Other objects of the present invention, together with means and methods for attaining the various objects, will be apparent from the following description and accompanying diagrams of preferred embodiments, which are presented by way of example rather than limitation.
FIG. 1A is a top plan view of a circuit board illustrating one pattern of electrical connectors useful according to this invention;
FIG. 1B is a bottom plan view of the same circuit board with similarly patterned electrical connectors thereon;
FIG. 2 is a sectional elevation through the circuit board of FIGS. 1A and 1B, taken as indicated at 2--2 on FIG. 1A;
FIG. 3 is a similar sectional elevation of such circuit board after superimposition of varistors on the top and bottom faces; and
FIG. 4 is a schematic diagram of an example of TVSS (transient voltage surge suppression) circuitry with the resulting varistors.
FIG. 5 is a plan view of a circular circuit board provided with patterned electrical connectors according to this invention;
FIG. 6 is a sectional elevation taken as indicated at 6--6 made from the circuit board of FIG. 5; and
FIG. 7 is a sectional elevation through a three-phase circuit board patterned for a three-phase varistor board.
FIGS. 1A and 1B show respective top and bottom faces 14A and 14B of substrate or circuit board 14. Upper or top face 14A of the board bears narrow prospectively electrical phase-connected or "hot" laminar terminal strip 11 extending lengthwise of the board near one long edge. Half dozen mutually parallel narrower laminar conductors 12, spaced evenly apart, extend widthwise from the terminal strip across most of the face of the board without contacting any other conductors. Wider prospectively grounded laminar terminal strip 17 parallels the opposite lengthwise edge of the board, and from it seven laminar conductors 13 extend widthwise (perpendicular thereto) interleaved with narrowest conductors 12, each of which consequently is flanked by a pair of these larger conductors 13. Each latter conductor 13 is triangular in plan, with a narrow truncated end at its connection to ground terminal strip 17 and gradually increasing width toward a maximum at its far end, which nears but is spaced from hot terminal strip 11.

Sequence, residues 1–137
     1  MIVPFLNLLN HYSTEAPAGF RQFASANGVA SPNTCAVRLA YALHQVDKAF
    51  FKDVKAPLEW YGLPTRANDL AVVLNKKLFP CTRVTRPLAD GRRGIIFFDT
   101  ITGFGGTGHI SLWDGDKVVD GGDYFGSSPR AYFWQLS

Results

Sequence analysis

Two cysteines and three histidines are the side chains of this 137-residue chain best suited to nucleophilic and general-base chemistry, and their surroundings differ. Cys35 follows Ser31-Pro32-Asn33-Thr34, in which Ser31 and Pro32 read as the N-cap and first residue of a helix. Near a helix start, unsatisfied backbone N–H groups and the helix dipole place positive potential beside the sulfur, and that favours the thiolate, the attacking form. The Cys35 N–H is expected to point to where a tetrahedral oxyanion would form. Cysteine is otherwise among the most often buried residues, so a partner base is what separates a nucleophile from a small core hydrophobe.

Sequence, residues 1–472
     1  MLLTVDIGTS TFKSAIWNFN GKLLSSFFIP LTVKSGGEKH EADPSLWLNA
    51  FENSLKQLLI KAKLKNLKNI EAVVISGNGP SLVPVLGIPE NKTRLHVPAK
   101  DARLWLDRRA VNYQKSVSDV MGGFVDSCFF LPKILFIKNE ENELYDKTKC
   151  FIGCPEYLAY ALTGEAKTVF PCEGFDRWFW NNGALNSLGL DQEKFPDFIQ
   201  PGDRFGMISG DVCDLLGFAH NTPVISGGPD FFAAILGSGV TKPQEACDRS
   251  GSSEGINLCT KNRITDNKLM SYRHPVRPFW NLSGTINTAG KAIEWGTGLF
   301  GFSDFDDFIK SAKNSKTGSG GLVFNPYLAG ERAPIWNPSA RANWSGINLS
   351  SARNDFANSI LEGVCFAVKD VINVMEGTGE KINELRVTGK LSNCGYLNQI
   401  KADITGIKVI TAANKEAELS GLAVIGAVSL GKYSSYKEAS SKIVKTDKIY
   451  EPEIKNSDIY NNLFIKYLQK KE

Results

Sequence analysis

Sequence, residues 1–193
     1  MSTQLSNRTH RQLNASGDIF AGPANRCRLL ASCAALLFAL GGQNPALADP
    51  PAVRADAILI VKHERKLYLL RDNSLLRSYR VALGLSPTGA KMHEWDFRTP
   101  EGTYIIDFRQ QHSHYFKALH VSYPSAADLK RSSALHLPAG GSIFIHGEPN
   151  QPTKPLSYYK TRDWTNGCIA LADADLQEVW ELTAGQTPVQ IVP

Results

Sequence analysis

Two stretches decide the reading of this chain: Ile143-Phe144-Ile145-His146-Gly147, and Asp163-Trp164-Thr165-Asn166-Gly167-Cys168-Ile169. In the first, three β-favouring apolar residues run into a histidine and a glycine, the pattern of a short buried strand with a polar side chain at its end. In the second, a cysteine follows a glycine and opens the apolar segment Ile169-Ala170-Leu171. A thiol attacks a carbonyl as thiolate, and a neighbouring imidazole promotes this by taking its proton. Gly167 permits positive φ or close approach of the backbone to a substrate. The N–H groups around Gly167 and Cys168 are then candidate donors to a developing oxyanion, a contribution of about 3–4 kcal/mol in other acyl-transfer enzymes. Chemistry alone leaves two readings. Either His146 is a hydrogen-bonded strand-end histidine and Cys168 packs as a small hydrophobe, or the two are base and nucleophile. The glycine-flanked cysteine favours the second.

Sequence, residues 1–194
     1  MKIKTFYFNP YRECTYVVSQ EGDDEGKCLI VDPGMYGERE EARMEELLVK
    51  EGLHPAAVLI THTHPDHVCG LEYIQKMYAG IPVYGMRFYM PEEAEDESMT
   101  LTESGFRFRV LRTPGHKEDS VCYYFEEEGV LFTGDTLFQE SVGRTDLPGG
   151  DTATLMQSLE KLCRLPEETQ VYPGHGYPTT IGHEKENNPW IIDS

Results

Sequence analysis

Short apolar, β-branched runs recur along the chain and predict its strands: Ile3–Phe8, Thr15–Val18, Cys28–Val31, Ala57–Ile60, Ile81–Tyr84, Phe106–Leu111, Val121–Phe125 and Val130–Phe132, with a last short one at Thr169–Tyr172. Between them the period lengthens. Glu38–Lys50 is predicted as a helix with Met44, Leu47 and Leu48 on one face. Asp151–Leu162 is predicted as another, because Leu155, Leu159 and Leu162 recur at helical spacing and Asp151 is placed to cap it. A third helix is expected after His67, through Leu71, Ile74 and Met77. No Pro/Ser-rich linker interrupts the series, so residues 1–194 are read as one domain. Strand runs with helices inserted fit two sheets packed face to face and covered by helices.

Lower or bottom face 14B of same circuit board 14 mirrors upper or top face thereof. Narrow lengthwise laminar hot terminal strip 21 parallels one long edge, and from it six narrower laminar conductors 22 extend perpendicularly across most of the width of the board. Wide laminar ground terminal strip 27 parallels the board's opposite long edge, and from this strip seven triangular laminar ground conductors 23 extend interleaved parallel to and spaced from narrow laminar conductors 22, each of which is consequently flanked by a pair of such triangular ground conductors 23. As shown below in FIG. 4, terminal strips 11 and 21 are prospectively connectable to external power source phase leads, and terminal strips 17 and 27 are prospectively connectable to an external ground lead.
FIG. 2 shows, in transverse section along II--II on FIG. 1A, a representative portion of circuit board 14 before superimposition of varistor material. Respective upper and lower faces 14A and 14B of the board exhibit crosswise sections of narrow upper and lower hot conductors 12 and 22, respectively, alternating with and spaced from respective upper and lower wider ground conductors 13 and 23.